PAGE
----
Remember, You’re Just a Rookie

I've coached several candidates who have had B.S./BA degrees in Public Administration areas. They have been misguided by counselors that said this would be an asset to get into the fire service. What ends up happening is these candidates show up at an entry-level oral board boasting and trying to hammer the board with their degree. What they don't understand is not many on the other side of the oral board table have this degree. And most of these candidates will never have a chance to use it in the fire service. Can you get hired going the education route? Sure. It happens all the time. Many of our non-medic candidates just started the LA City Academy.

An associate sent me this information from a fire officer who instructs Fire Protection and Fire Management programs at California State University Los Angeles. With the subject of wanna-bees desiring to get their BA/BS degrees confirmed what you and I already know about candidates in interviews showing up with BA/BS degrees. And that is they get either laughed out of the room or the interview panel becomes resentful and down goes the interview score! DUH!

This from a SF candidate: I'm currently on the SFFD H-2 list "4th Generation hopefully SFFD"! I'm also a volunteer firefighter/EMT. My volunteer Fire department requires Paramedic certifications for entry-level firefighters. After graduating from a four year university . . . I had an administration internship with my volunteer department where I wrote and designed the District's Master Plan and preformed statistical analysis for "time respond" for Fire suppression and medical calls. I also went on ride alongs with the engine, truck and even with the chief himself. I was told by the chief if I went out to get my paramedic license . . . I would be hired on the spot. Becoming a paramedic is not my cup of tea . . . it's been beaten in my head as a child "from my grandfather and father" to be a firefighter not a medic . . . ! All of the paid firefighters like my work ethic and all say they should let me in as a Firefighter/EMT.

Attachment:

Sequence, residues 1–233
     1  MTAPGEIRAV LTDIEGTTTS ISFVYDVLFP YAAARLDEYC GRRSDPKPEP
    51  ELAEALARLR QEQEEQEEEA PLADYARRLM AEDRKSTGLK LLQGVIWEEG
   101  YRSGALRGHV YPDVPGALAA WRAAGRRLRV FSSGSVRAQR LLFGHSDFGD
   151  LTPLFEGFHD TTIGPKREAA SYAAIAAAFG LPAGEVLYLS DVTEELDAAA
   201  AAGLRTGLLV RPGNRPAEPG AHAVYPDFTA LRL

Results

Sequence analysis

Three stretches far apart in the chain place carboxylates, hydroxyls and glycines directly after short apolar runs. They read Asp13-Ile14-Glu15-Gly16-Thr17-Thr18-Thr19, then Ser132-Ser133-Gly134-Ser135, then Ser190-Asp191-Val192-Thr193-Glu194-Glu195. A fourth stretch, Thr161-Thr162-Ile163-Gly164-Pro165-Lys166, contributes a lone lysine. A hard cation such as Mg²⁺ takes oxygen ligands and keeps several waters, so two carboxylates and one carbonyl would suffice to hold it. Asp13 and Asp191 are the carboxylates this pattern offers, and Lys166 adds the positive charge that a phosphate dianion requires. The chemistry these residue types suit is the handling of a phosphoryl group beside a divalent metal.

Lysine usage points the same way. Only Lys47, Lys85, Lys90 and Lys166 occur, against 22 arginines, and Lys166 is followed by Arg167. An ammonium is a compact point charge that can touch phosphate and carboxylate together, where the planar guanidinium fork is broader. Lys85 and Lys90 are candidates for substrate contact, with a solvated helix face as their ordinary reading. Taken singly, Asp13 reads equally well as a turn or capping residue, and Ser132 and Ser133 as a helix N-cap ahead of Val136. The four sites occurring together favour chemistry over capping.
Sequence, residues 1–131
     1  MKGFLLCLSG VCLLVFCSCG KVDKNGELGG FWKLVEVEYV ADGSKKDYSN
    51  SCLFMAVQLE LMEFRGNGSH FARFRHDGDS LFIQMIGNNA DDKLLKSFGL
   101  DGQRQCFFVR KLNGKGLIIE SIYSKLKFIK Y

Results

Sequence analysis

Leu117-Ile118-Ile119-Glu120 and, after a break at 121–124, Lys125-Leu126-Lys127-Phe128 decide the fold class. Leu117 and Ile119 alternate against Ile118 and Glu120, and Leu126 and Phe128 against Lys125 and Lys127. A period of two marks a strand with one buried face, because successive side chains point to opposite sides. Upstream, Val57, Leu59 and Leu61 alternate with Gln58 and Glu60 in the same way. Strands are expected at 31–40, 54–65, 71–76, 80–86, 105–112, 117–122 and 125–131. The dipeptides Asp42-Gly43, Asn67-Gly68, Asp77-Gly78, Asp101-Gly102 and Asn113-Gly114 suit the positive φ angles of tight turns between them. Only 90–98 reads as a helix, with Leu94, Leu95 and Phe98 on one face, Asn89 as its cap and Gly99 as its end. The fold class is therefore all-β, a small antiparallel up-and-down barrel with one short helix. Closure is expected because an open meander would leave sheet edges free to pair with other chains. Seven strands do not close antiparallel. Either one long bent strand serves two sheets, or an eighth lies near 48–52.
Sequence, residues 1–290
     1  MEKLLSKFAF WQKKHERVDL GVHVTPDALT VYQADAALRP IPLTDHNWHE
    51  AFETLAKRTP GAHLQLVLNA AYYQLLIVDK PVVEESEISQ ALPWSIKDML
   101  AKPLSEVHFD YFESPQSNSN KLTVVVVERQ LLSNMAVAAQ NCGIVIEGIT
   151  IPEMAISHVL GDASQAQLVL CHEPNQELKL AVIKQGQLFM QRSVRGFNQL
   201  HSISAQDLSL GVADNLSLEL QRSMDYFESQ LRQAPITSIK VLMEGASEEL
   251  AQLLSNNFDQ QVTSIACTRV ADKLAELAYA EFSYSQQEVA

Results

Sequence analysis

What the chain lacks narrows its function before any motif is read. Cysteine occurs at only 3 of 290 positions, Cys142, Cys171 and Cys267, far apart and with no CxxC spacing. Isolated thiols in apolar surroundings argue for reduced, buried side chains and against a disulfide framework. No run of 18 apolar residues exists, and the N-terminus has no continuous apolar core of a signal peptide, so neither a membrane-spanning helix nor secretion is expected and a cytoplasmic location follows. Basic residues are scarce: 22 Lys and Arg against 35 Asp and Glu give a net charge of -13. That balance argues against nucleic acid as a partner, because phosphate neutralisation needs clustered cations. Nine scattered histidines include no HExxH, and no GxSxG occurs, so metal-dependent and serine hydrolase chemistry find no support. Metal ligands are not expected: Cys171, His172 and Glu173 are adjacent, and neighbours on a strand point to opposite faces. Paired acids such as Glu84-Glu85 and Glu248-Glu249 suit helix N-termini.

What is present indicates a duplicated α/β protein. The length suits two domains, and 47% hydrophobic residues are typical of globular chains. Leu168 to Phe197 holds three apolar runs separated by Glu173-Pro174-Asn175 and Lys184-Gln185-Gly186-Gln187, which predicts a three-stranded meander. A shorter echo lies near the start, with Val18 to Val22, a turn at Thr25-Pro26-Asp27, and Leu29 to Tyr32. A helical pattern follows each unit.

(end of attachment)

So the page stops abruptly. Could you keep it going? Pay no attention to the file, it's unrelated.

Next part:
My reply: With all due respect to your family members, the playing field has changed. It must be killing you to see these guys hired and it's not you. Like it or not, understand that 75%+ of calls are medical in nature. Eighty percent of the job offerings are for fire medics. Had you gone to medic school as I encourage candidates to do, gained the valuable in service medic street time, you wouldn't be trying to fight your way into a department as an EMT. You would be wearing the H-3 badge for SFFD (I'm 3rd generation San Franciscan myself) or another department.

John came in for a coaching session after not being able to pass any oral boards. He was one of those candidates who I think was misguided into a Public Administration Degree. During his coaching, he kept trying to come back to his degree. I finally told him, "Screw you! You want to come into my oral board and try to hammer me with a degree you may never use?" You're applying for a snotty nose rookie position as a firefighter!" John dropped his head and said, "Maybe that's why I can't get through any orals."

John ended up going to paramedic school (which he should have already done instead of the B/A degree). Although he mentioned the B/A degree in his oral board answer "What have you done to prepare for this position" he focused on his personal life and paramedic experience. He got his badge!

I believe in education. If you want to get a Public Administration, Engineering or any other degree as a career track, great. Don't think it will be the key to get into the fire service. It could hurt you.

I look for the shortest distance to the badge. If I were starting out, I would run to paramedic school. Yes, you can get on without it. I have candidates all the time who get a badge without being a medic. But for the time spent and with more than 80% of job offerings being fire/medic, the odds are better.

Many departments have educational incentive programs where they will pay you to go to school. I took advantage of this program and received an additional 5% pay. This 5% was included in my retirement.

The proof is in the badges!

"Nothing counts 'til you have the badge . . . Nothing!"

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